Outdoors
The speed of time never changes. Life passes at a clip of exactly 60 seconds per minute, though at times that’s not how it feels.
Using the year well 010417 OUTDOORS 1 For the Capital City Weekly The speed of time never changes. Life passes at a clip of exactly 60 seconds per minute, though at times that’s not how it feels.

JEFF LUND

Jeff Lund poses with a steelhead he caught this year.

Wednesday, January 04, 2017

Story last updated at 1/3/2017 - 6:09 pm

Using the year well

The speed of time never changes. Life passes at a clip of exactly 60 seconds per minute, though at times that’s not how it feels.

Ten seconds feels like four when you’re trying to break a full-court press. Two minutes feels like ten when there are five people with 16 items in the lane meant for 15.

Then there are times when the internal clock goes completely haywire. Has it really been 60 days since I have fished? Two whole months? There was that time I went to the creek and haphazardly threw an egg-sucking leech with my 5-weight fly rod as a 20-minute (was it 10?) scouting session on the creek. But that doesn’t really count. That wasn’t a bona fide fishing trip.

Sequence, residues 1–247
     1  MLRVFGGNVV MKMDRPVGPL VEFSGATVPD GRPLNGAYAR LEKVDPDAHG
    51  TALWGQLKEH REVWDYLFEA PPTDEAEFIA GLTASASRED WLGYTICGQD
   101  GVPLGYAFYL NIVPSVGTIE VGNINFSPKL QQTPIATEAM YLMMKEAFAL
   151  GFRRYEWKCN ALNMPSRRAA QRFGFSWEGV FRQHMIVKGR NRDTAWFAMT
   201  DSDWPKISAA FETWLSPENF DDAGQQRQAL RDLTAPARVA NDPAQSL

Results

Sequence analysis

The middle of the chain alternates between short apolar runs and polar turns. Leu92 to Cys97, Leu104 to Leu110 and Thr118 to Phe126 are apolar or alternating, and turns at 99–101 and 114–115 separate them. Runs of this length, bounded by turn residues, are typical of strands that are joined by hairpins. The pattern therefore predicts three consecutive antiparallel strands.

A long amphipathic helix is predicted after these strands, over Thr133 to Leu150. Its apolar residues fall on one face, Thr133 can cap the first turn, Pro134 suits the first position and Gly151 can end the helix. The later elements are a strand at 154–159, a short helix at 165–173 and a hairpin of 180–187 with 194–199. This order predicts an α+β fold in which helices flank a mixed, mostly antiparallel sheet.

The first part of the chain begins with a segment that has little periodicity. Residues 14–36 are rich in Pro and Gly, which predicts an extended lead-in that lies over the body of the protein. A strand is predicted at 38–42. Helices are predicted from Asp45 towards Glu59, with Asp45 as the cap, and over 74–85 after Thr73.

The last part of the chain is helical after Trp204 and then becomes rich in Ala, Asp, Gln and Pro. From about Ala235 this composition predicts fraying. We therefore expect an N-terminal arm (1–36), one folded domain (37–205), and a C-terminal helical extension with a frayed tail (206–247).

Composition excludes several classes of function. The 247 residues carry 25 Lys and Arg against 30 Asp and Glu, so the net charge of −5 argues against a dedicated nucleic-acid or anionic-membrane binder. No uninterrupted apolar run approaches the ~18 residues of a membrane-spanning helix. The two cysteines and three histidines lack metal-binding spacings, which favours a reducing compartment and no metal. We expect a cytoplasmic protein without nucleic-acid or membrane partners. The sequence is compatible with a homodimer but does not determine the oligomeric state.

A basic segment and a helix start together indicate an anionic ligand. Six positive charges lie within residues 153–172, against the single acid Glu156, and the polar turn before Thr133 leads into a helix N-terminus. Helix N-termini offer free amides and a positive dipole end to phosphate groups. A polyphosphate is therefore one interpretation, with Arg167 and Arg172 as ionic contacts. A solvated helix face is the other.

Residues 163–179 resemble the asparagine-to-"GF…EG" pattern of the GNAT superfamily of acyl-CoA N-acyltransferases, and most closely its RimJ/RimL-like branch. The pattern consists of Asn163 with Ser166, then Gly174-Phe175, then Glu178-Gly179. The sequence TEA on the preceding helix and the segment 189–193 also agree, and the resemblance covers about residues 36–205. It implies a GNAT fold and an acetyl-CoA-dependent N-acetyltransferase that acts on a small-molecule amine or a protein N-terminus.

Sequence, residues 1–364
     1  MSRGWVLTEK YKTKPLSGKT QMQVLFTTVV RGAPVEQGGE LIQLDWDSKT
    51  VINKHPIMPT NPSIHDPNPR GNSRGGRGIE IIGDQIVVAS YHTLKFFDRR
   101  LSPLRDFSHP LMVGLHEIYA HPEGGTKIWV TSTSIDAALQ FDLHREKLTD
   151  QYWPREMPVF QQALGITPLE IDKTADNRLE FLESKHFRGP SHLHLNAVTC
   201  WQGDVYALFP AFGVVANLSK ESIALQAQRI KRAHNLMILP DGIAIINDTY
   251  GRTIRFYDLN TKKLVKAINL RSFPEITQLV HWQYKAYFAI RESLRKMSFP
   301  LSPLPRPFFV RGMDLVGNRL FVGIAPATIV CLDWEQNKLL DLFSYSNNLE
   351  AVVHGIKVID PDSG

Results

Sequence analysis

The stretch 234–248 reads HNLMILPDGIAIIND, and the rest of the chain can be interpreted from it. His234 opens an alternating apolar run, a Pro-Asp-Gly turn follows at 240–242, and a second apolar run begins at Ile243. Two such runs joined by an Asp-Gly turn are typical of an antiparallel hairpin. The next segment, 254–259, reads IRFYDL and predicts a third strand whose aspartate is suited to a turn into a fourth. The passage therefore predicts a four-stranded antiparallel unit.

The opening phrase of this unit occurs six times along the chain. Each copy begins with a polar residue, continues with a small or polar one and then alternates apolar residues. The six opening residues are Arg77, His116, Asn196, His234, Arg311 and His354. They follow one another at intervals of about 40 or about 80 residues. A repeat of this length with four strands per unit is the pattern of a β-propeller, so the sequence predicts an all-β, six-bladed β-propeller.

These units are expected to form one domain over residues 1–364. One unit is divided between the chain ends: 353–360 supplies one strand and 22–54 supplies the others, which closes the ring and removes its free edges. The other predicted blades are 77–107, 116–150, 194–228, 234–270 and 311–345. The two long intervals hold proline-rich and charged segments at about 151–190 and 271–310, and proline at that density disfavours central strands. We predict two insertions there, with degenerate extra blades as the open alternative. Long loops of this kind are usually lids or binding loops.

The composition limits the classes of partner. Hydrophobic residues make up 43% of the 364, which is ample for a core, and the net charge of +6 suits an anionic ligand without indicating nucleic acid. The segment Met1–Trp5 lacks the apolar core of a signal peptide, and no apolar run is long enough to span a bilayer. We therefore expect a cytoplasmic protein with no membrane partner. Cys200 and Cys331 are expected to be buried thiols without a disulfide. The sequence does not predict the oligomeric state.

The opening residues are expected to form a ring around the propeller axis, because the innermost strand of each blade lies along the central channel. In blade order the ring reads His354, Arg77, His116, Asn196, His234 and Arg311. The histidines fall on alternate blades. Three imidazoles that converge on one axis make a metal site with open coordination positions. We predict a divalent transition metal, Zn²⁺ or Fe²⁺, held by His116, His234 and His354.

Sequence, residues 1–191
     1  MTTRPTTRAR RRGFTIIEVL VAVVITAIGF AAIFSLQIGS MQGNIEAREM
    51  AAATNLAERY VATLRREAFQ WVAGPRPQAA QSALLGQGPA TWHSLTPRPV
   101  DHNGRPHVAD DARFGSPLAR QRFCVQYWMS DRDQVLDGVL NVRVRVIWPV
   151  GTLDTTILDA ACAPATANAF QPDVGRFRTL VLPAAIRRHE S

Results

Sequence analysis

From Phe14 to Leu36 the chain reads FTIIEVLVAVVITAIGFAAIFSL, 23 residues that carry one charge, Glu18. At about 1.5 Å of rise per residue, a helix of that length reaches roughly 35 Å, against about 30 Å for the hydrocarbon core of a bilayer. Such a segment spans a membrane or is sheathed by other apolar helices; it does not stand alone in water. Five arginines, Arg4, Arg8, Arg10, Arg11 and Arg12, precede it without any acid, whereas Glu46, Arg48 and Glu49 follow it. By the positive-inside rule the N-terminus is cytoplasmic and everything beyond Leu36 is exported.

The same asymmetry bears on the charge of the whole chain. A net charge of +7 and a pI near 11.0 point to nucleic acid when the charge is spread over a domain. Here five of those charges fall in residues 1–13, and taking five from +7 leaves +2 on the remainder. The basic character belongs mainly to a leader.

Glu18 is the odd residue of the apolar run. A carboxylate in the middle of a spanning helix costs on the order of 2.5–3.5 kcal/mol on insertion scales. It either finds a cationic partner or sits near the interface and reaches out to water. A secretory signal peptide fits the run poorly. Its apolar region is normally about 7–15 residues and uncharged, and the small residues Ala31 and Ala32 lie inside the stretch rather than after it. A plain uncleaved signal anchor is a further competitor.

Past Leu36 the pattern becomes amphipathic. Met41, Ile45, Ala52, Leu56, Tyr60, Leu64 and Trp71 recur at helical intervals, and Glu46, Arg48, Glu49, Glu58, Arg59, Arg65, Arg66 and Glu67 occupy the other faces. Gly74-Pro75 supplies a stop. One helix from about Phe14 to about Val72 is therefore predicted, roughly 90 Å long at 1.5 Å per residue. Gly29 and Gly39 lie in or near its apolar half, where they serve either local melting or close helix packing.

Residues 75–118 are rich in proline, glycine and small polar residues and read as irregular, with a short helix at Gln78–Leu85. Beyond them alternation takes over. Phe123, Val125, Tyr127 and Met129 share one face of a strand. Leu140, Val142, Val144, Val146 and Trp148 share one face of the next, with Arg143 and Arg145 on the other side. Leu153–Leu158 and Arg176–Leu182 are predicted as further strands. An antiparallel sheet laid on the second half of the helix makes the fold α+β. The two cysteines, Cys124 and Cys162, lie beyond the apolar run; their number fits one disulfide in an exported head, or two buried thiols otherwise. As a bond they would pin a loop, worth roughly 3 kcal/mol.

Two months.

What the heck have I been doing? Okay, basketball season is a valid excuse. Weather is another. I did some hunting in there too, but wow, two months, a sixth of a year.

When I lived in California, my buddies and I finally got serious one spring and were going to head to the closest decent spot for rainbow trout. My first stop was Bass Pro Shops to buy my fishing license. It was March. Three months into the year and I hadn’t even bought my fishing license. That was unacceptable.

I was writing an outdoor column for a paper down there and I felt like a fraud. Don’t you have to be outside to write about the outdoors? What the heck had I written about the previous months?

I looked back and the columns were legit but it totally makes sense. Time is consistent, but sneaky. Large chunks pass without you really noticing because the daily routine kept the focus narrow. It’s an appropriate time to contemplate this sort of thing, because social media is telling me what kind of year I had, and I had to decide whether or not I trusted it. After all, the program doesn’t know me. It’s just guessing based on user interactions. So was it a great year? Or did I just have 10 cool pictures that people liked?

Good years don’t happen by accident. It takes a good attitude because how you plan to use the minutes in the New Year doesn’t always work out. If you don’t designate a section of time for those great things that make your life worth talking about, the time between can slip away while you’re binge watching NetFlix, waiting for your life to become something worth living.

So I’ve planned a two-week trip road trip in June that will start with my cousin’s wedding near Truckee, loop up to West Yellowstone, Missoula, then down to Bend, Oregon the way to Redding.

Then some buddies are coming up to fish. Then more. Then more. Then it’s hunting season. But before I get too excited about spring steelhead or summer salmon, I need to get to the river this weekend.

Jeff Lund teaches and writes out of Ketchikan.